Canada is turning grey.
For the first time in history, the percentage of seniors in the population (16.9 per cent) now exceeds the share of children (16.6 per cent), new census data reveals.
The increase in the proportion of seniors between 2011 and 2016—up from 14.8 per cent – is the largest since 1871, Statistics Canada said Wednesday as it took the wraps off the latest information gleaned from the 2016 census.
“This gap will continue to increase in the future, so basically we can say that there is no coming back. It’s long-lasting change,” said Laurent Martel, director of the demography division at Statistics Canada.
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The statistics agency cites two factors for the changing demographics. The baby boomers – those born between 1946 and 1965 – are getting older. As well, increasing life expectancy combined with low fertility rates since the 1970s means seniors are an increasing proportion of Canada’s population.
Martel notes that other baby boomers are approaching retirement – the proportion of people between 55 and 64 reached a record high of 21 per cent in 2016 – meaning that an aging population will be the story of Canada’s population for decades to come.
“We know that other cohorts of boomers will follow in the coming years, meaning that population aging will remain fairly fast until 2031, when the last boomers will reach 65,” Martel said in an interview.
By 2061, these patterns will mean there could mean that Canada has 12 million seniors and fewer than 8 million children.
Still, Canada is the young kid on the block – Canada had a lower proportion of seniors than any other G7 country except the United States.
And the share of people aged 15 to 64 – 23.4 million Canadians, about 66.5 per cent of the total population, down from 68.5 per cent in 2011 – was also higher in Canada than in other countries. That means Canada still has a large working-age population, even though the growth rate in this age bracket between 2011 and 2016 is the lowest recorded between two censuses since 1851.
Because women have a longer life expectancy, the aging population also means that women will make up an increasing proportion of the population. In 2016, women accounted for 50.9 per cent of all Canadians; among those 65 and older, women exceed men by 20 per cent.
On the age front, Ontario held steady with the number of children (16.4 per cent) and seniors (16.7 per cent) roughly matched.
The Prairies and the territories counted the youngest populations across the country, with more children than seniors.
The Atlantic provinces saw the biggest decline in the proportion of people aged 15 to 64 and the largest increase in the proportion of seniors between 2011 and 2016. Almost one in five people there are 65 and older – the highest proportion in the country. Every municipality in Nova Scotia except one had more seniors than children.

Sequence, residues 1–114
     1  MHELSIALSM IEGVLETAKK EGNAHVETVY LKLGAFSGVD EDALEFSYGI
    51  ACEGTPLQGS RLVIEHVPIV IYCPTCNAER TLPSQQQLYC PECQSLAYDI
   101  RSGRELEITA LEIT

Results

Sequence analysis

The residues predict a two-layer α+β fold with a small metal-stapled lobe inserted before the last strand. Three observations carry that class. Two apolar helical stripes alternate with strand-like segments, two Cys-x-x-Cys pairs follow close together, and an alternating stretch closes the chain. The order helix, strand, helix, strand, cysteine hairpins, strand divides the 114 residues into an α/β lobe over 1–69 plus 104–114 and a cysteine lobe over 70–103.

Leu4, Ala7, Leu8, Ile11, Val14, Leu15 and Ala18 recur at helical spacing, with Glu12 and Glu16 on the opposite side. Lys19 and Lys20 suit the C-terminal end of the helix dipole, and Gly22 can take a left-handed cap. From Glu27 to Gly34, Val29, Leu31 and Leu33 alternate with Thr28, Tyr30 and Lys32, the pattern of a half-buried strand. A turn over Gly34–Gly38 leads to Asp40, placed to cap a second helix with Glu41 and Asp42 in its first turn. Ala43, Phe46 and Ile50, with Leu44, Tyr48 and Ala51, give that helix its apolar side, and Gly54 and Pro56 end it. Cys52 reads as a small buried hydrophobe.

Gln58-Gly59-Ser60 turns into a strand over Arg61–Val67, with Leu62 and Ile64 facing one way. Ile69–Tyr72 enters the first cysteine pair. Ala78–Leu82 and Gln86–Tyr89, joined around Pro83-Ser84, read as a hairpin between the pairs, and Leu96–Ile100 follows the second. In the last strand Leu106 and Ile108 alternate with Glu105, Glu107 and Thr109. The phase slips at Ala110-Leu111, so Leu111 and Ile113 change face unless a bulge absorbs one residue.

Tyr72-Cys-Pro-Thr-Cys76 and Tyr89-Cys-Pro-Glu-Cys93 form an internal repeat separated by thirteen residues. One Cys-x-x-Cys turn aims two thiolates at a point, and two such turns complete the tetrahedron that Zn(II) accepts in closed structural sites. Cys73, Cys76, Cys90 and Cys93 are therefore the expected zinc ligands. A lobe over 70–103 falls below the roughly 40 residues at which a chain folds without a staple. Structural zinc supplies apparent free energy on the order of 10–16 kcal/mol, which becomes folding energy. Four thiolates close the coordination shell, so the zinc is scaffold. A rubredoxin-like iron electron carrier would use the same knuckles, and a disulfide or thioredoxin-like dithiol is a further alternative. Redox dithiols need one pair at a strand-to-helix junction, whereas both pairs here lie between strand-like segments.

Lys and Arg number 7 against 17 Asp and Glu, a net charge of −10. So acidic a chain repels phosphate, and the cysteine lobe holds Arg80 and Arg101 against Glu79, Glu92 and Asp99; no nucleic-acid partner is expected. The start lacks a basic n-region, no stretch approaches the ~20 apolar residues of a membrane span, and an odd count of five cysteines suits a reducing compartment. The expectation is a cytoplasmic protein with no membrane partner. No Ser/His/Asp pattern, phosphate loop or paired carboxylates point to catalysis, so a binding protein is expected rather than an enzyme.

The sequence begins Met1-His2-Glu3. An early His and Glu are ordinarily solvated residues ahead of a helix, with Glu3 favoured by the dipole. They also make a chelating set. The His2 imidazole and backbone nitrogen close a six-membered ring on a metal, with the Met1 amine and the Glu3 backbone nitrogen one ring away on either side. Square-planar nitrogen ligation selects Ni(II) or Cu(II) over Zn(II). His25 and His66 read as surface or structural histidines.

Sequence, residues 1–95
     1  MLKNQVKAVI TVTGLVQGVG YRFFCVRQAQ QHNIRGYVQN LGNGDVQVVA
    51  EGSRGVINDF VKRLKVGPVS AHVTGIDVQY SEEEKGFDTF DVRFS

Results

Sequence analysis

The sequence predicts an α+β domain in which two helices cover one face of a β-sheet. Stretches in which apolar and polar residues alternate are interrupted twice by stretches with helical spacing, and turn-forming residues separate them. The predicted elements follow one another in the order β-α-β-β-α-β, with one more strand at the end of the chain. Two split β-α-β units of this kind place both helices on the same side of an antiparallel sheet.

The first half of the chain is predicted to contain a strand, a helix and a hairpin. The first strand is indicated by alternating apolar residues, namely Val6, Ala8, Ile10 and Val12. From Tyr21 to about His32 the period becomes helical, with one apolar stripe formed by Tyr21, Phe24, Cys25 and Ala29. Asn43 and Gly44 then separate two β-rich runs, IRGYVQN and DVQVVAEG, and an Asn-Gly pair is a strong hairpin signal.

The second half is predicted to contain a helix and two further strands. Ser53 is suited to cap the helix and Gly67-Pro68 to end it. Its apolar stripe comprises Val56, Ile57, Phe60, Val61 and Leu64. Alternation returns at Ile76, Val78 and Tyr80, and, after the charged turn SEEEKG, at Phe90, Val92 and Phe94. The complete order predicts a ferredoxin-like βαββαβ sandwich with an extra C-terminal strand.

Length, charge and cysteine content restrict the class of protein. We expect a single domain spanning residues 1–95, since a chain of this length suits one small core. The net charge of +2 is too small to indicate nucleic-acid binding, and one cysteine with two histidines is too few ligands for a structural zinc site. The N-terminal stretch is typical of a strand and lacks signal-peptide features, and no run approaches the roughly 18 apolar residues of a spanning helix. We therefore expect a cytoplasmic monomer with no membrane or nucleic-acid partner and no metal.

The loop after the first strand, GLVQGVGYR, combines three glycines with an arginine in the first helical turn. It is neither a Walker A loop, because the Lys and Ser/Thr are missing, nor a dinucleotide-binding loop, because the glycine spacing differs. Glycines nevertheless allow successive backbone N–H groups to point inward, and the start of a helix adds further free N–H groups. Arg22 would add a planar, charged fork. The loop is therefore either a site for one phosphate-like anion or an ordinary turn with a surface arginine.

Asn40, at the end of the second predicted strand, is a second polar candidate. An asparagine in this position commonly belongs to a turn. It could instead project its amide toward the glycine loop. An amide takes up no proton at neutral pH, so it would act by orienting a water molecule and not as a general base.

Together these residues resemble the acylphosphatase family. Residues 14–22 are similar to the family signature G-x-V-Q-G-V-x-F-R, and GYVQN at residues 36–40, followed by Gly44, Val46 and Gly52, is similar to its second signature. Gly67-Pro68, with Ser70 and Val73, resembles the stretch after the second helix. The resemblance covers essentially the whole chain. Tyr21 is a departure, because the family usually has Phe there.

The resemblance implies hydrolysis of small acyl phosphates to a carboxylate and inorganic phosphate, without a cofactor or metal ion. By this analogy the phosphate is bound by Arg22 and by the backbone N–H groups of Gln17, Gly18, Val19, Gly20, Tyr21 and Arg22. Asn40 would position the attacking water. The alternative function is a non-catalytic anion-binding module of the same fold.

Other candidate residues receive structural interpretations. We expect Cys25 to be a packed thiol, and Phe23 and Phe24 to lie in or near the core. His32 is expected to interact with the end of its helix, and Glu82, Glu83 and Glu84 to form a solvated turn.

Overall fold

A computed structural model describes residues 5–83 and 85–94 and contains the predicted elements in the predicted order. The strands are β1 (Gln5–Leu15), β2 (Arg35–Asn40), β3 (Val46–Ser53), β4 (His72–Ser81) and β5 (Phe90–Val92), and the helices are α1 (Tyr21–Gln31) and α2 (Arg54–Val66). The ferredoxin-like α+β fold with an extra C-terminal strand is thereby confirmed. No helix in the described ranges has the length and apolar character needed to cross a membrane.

In Nunavut, 32 per cent of the population was 14 years and younger and only 3.8 per cent were older than 65.
The country’s metropolitan areas had a high proportion of those aged 15 to 64. Calgary topped the list at 70.2 per cent. The Toronto region had 68.9 per cent.
Data from the 2016 census shows Canada is the fastest growing country in the G7. Here’s a look at some of the census numbers, which show the country’s population is up to 35.15 million as of last year.(The Canadian Press )
Banff, Whistler and Wood Buffalo recorded the highest proportion of those aged 15 to 64, attributed to the leisure, hotel and oil production industries that attract workers.
Lethbridge, Alta., had the largest proportion of people 14 years and younger; Trois-Rivieres, QC, had the largest proportion of those 65 and older.
Kent, B.C. had the highest proportion of men to women – the city is home to two federal penitentiaries.
The changing face of Canadian society has a big impact on taxes and government – more and more Canadians are leaving the work force, drawing a pension, using more health care while at the same time a smaller proportion of people are working and paying income tax.
“Population aging will have impacts everywhere – public transportation, housing needs. As we’re growing older as a society, healthcare, institutions will need to be adjusted,” Martel said.
It has implications for the labour force too, Martel noted. “When you are thinking about renewal of the workforce, knowledge transfer issues, lots of challenges there,” he said.
In 1871, 42 per cent of Canadians were 14 years and younger and 3.6 per cent of the population was older than 65. The average age was 23.4, life expectancy was 40 years and only one-third of Canadians reached the age of 65. Today, the average age is 41, life expectancy is more than 82, and 90 per cent of the population can expect to reach 65 years of age.